I always like to have solutions to any problems before I chat with anyone about the problem. Comes from the old addage “Don’t give me problems, give me solutions!”.
Whenever a challenge arises here and people ask me what to do, I try to ask them what they would suggest. This encourages people to think through the problem and present their solution. I try to say yes and will only change something if my experience is telling me I should.
The golf industry needs to be tuned up to focus on the large base of people who play the game fore fun, and not fore money.
To quote Peter Kostis :
“I’ve consistently said that players who are paid to play are not the game of golf. Golfers who pay to play are the game of golf. The so called guardians of the game need to always remember this. If pro golf worldwide disappears tomorrow, there will still be golf and golfers.”
Too many of these guardians take you the player for granted. And this is a problem for them – not for you. You have voted that these guardians are irrelevant to your game because you do not join their associations. You play golf fore all the right reasons. Perhaps there is no need for any guardian.
But my solution would be to give you the player a voice in the game of golf.
Yes it is ok to hit a breakfast ball – the golf gods will not throw lightning bolts at you.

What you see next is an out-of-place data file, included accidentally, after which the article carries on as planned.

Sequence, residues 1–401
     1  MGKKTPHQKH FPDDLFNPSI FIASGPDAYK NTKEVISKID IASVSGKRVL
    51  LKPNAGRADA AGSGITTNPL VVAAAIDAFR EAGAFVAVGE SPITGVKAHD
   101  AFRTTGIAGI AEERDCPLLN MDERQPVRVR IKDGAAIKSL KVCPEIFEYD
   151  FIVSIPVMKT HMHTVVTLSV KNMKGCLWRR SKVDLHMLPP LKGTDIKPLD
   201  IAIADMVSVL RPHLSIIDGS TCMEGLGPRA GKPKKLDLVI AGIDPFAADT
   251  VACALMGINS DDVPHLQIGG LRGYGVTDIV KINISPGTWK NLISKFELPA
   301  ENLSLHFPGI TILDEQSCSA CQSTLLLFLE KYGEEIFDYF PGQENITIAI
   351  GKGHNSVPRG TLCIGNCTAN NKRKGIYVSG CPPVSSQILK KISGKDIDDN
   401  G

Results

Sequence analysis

Yes it is ok to tee up every shot when you are learning the game – read Harvey Penick’s Red Book.
Yes it is ok to have music on your cart that you can hear – the rest of the course does not have to hear it as they are listening to their own music a little more quietly than you might.
Yes it is ok to walk out of the fescue, drop another ball and play on – you know you should add a stroke for this move. Your call.
This “LIV” version of golf associations would be managed by a coalition of owners and players. We cannot survive without each other.
The current guardians necessarily must pay more attention to their sponsors on whom they rely for the bulk of their funding.
There are many bright minds in the golf world that would be able to develop concepts and programs to keep the golf industry “in a good place” as many of the “guardians” are trumpeting today, with better foresight into tomorrow and beyond.
This should lead to a sport that is recognized for what it truly is – an activity that promotes mental and physical health. A sport that has a positive presence in the public eye – one that teaches life lessons of fiscal morals and honest participation. And a guardian who does what is best even when nobody is looking.
An association that needs no castle for a headquarters – a simple office somewhere will work just fine.
Let the tear-down begin. Golf is ready fore a fresh new guardian.